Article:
To provide “substantial evidence” of clinical benefit, the null hypothesis of a pivotal trial’s primary endpoint must be rejected. To do so, there must be statistical persuasiveness that the effect seen is not due to chance. The probability of rejecting the null hypothesis is related to the power of a study, which is influenced by the effect size of the intervention, the decided upon significance level and the sample size. Our analysis demonstrates that the efficacy pivotal trials for systemic therapies with labeled indications for psoriasis appear to be substantially robust compared to those for other indications with an FDA approval. In the past, the FI has generally been used to indicate that most reported trials with statistical significance would lose this significance with a small change in the number of outcomes.^{1-6,11-13}Here, we show the opposite for the pivotal trials in psoriasis which are far less fragile, and perhaps warrant consideration in trial design to reduce costs.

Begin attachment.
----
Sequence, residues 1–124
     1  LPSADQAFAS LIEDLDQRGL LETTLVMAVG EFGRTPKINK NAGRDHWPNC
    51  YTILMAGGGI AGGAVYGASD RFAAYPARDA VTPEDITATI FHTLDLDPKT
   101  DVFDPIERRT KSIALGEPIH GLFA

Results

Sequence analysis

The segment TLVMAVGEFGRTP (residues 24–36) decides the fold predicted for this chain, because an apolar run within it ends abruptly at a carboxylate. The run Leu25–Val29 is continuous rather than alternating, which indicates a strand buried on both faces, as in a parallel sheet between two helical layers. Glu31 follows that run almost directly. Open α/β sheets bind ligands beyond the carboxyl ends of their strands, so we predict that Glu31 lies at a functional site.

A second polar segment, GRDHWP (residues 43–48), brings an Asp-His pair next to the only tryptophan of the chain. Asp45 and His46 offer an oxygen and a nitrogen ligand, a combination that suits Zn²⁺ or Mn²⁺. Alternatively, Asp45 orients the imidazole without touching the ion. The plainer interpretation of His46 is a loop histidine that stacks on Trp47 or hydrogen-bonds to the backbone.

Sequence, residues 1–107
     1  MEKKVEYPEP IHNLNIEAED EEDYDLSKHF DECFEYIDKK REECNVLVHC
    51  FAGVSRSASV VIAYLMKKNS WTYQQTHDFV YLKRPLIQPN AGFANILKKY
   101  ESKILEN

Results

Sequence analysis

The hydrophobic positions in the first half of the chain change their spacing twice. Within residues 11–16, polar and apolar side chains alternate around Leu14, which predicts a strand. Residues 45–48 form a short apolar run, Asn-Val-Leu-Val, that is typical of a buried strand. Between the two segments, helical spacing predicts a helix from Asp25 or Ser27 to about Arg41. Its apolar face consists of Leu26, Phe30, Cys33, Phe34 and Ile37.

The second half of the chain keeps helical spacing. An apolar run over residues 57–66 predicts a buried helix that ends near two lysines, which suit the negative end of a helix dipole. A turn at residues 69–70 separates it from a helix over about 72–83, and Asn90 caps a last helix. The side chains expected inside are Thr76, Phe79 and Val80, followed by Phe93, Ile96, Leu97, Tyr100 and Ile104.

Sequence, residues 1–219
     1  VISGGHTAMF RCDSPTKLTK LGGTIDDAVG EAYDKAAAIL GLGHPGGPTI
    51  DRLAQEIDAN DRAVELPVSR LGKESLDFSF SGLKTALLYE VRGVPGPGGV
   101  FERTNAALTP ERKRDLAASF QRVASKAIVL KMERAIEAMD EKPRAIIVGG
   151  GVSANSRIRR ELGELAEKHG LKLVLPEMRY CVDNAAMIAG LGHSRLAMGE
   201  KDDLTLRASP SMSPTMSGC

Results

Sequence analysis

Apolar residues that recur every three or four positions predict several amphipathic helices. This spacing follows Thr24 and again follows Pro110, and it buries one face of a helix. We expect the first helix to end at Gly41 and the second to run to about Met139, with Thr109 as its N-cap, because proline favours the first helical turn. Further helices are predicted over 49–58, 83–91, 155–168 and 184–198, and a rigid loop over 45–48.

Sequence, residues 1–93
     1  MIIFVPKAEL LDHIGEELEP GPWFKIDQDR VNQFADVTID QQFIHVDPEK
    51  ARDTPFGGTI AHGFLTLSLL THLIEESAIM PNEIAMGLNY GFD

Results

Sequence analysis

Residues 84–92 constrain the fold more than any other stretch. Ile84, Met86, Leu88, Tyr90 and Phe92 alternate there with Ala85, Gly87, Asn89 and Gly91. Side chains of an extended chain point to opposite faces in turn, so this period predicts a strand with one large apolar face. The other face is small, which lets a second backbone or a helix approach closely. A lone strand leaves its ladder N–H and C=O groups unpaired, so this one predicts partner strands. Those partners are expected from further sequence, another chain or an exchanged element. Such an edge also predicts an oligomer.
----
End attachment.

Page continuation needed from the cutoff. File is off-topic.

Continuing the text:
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# Supplemental Methods.

Here we supply the data on the Fragility Index and Fragility quotients that can be found in the manuscript: Fragility Index and Fragility Quotient Calculations

**REFERENCES FOR SUPPLEMENTARY TABLE 3 LITERATURE REVIEW:**

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4. Wayant C, Meyer C, Gupton R, Som M, Baker D, Vassar M. The Fragility Index in a Cohort of HIV/AIDS Randomized Controlled Trials. J Gen Intern Med 2019;34:1236-43.